Since the 2005 bankruptcy law was passed, debtors must pass a means test before they will be permitted to file a Chapter 7 bankruptcy.
This test is used to determine if you can qualify to file a Chapter 7 bankruptcy. The test was added to force some debtors who are in a financial position to pay off some of their debts to file a Chapter 13 plan instead of Chapter 7. In Chapter 13, debtors pay off a percentage of what they owe over a three to five-year period.
Many debtors who earn too much money often can pay their bills without the need to file bankruptcy.
For others, medical bills, divorce, and other events can force a person to need to file for bankruptcy protection even though they make too much money.
With the help of a Chapter 7 lawyer, you will get the help that enables you to discharge all of his or her debts without paying a percentage on the dollar. The means test generally does not mean that you can’t file a Chapter 7 if you make any more.
The means generally only applies if your income is above the halfway point of what other people in your geographical location earn for their family size.
The median is somewhat different than the average because a few very billionaires can skew the results.
The basics of the Chapter 7 means test
The means test applies to debtors who primarily have consumer debts and not business debts.
The first part of the test is to determine whether your income is above or below the median income for the state in which you live.
If your income is above the median for your state and for the size of your family, then you can begin to review your disposable income – the amount you have left over after you pay your core expenses. Core expenses include things like your mortgage, utility bills, food, and other essential expenses.
So, this means there are two tests. The first means test just looks at your income. The second test looks at your income and your expenses.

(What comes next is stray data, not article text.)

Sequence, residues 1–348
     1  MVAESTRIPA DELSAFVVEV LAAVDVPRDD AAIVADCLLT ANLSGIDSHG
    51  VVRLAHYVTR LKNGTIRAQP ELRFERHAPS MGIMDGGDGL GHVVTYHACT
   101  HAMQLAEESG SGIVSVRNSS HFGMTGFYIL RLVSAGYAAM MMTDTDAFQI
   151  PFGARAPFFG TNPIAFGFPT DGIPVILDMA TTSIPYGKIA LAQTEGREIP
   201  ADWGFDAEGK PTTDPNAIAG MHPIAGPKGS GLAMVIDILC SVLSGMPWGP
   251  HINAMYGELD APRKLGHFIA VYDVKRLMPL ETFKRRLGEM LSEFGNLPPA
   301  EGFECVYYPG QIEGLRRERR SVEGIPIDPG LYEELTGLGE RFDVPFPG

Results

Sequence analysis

The aim of the second test, as mentioned earlier, is to see if you have enough funds to pay something to your creditors.
If you make too much money or you have too much disposable income, then you cannot file a Chapter 7. You must file a Chapter 13. The bankruptcy court looks at your income and expenses for the six months prior to the filing of your bankruptcy petition.
The median standards do vary by state. Some states have higher median incomes than others. You can find more on means testing at the Department of Justice website – https://www.justice.gov/ust/means-testing/20191101 For example, the median income levels based on family size for the following states, according to recent government data, are:
State 1 Person 2 People 3 People 4 People *
Alabama $47,680 $55,905 $67,334 $81,514
Alaska $62,858 $76,208 $100,494 $101,221
Arizona $51,388 $64,543 $70,428 $85,403
Arkansas $42,461 $52,986 $57,221 $72,767
California $59,286 $77,860 $86,665 $99,512
Colorado $60,819 $79,711 $92,517 $105,947
Connecticut $65,502 $87,017 $99,857 $123,477
Adjustments to the means test calculation are also made for different counties and cities within each state because the costs for housing, transportation, and essentials vary within the state.
There are also national standards that may work to your benefit.
Adjustments and complications
Sometimes, the determination of whether you pass the means test (your income is below the median) can depend on whether your debt is a mix of consumer debt and business debt.
An experienced bankruptcy lawyer will explain whether you qualify to file a Chapter 7 in this scenario.
Some types of income are not included in the means test income calculation. For example, Social Security retirement income is generally not included which helps senior citizens qualify for a Chapter 7.
Debtors must fill out various means test forms when they file their Chapter 7 petition. Again, your bankruptcy lawyer will help you fill out the forms and explain whether you qualify.
Generally, if you pass the first test, the one that just looks at your income, you don’t need to fill out the forms for the second test, the one that examines your income and your core expenses.
Some people, such as those who serve in the US military are not required to take the means test.
Even if you pass the means test, that doesn’t mean that you should automatically file for a Chapter 7. Chapter 7 is primarily used for debtors who don’t have secured debts.
If you own a home which is secured by a mortgage, then you will likely lose your home (it will be sold to pay creditors) unless you have large exemptions or if you file a Chapter 13 bankruptcy.
In a Chapter 13, you basically get three to five years to pay off any arrearages provided you make the monthly payments for all future bills.
If you fail the means test, then you must file the Chapter 13 bankruptcy petition.